"We begin Lent 2010 much like we did in 2009. Enormous financial realities impact our families, especially with the continuing loss of jobs and no immediate prospects for a renewed and favorable job market.
Too many of our families in the Archdiocese of Los Angeles have been impacted by the loss of jobs—especially those hundreds of thousands with minimum wage jobs. Countless thousands of our poorest people work two or more minimum wage jobs in order to sustain their families. But when one or more of those jobs terminates, the financial burdens are many and burdensome.
We see the disastrous results of those job losses: families struggle to pay their rent and utilities; others find it difficult to purchase adequate food for their families; and many of our Catholic families have had to take their children out of our Catholic elementary and high schools because they are unable to meet the tuition for their children. Even with the heroic efforts of Together In Mission school subsidies and the Catholic Education Foundation tuition scholarships, many of our families cannot afford to keep their children in our Catholic schools. This reality only compounds the problems for these families since a sound and integral education is the only and best hope for the children and young people of these families.
As we enter our annual Lenten journey, I would strongly recommend that all of us continue our traditional Lenten practices: increased prayer, appropriate fasting, and continued almsgiving. But this year, I would suggest that you consider making a donation during Lent to your parish school to enable a family unable to pay the tuition to have their son or daughter continue forward in that Catholic school. If your own parish school does not have this need, then there are many parish schools in each sector of our Archdiocese who could benefit from your Lenten charity.
I can think of no finer way to direct this year’s Lenten charitable giving than to those families who truly desire a sound Catholic education for their children but simply cannot afford it. If you are not certain which Catholic elementary schools are in most need, please contact our Office of Education at (213) 637-7300 and explain that you want to assist a young person remain in their Catholic school. The Office will give you the names of several schools in your immediate Pastoral Region.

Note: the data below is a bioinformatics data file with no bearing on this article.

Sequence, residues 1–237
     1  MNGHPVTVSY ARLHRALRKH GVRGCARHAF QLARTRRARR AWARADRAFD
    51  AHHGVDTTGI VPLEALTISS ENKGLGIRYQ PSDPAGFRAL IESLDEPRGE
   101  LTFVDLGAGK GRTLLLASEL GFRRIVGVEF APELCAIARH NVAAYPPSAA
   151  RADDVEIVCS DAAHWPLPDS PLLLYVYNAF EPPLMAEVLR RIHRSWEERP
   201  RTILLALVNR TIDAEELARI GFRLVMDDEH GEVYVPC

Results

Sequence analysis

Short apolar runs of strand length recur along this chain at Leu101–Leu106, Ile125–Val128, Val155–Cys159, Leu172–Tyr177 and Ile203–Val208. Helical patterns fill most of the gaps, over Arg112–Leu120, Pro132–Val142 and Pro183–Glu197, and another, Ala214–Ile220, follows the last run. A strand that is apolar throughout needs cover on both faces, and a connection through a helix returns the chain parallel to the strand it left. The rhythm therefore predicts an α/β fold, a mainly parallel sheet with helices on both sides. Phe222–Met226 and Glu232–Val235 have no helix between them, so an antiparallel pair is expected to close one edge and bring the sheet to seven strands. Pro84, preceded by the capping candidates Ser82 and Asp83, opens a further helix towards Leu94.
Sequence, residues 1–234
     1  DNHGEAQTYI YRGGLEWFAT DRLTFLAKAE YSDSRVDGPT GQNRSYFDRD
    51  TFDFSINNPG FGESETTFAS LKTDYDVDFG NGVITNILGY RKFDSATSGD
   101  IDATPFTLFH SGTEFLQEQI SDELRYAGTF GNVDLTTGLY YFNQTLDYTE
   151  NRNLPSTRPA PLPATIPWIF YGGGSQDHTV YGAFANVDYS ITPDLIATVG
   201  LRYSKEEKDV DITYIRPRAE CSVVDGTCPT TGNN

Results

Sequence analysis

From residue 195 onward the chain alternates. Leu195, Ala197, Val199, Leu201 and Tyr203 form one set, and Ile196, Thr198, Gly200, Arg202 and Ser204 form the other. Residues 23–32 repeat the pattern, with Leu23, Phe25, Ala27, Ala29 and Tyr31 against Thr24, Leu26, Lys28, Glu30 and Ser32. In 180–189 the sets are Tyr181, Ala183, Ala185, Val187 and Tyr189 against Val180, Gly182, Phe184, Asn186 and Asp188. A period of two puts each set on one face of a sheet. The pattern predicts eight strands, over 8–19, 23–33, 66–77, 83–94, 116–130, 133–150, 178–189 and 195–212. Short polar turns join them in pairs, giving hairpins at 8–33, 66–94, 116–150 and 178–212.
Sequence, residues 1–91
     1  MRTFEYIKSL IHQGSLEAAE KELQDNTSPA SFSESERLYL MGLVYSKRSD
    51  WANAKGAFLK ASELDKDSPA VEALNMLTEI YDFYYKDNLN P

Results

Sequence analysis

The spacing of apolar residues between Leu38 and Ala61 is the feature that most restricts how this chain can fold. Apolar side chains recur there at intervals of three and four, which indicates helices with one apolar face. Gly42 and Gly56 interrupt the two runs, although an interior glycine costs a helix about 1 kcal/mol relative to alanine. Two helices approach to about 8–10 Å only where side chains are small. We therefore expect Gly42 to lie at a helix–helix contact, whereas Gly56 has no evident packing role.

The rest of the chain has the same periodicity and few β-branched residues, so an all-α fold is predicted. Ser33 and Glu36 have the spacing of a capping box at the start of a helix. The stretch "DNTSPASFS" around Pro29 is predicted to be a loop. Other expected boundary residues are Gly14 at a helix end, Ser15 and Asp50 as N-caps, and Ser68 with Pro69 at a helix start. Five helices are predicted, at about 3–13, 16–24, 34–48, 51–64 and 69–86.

Yet again, I am asking all of us to devote special prayer and fasting on behalf of our many undocumented immigrants living in our midst. It has been my personal goal for many years now to assist these families in having a path towards legal residency in our midst. Curt and abusive insults of our immigrant brothers and sisters do not help any of us in our great nation. The majority of our immigrant families are “mixed families,” meaning that some members are legal United States citizens and some are not. Because of this reality, these families will stay together and we will continue to have some people living in the shadows of legality.
Both the Congress and our President have the responsibility to help bring an end to these people living in the shadows of our society—often deprived of basic human rights and exploited by employers—and onto a path which would eventually bring them into full legal residence. Our country would benefit greatly from taking this step forward.
The Bishops of the United States remain committed to comprehensive immigration reform, and this is one of my highest priorities as Archbishop of Los Angeles. My own personal Lenten practices this year will be totally devoted to this effort at achieving meaningful and comprehensive immigration reform.
I invite you to consider both of these pressing issues during your Lenten journey: the opportunity for children to remain in our Catholic schools, and comprehensive immigration reform to be enacted by Congress.
Let us continue “to keep our eyes fixed on Jesus” (Hebrews 12:2) and our most needful brothers and sisters during our Lenten journey!!"
Images of Ash Wednesday 2010, Courtesy of Victor Aleman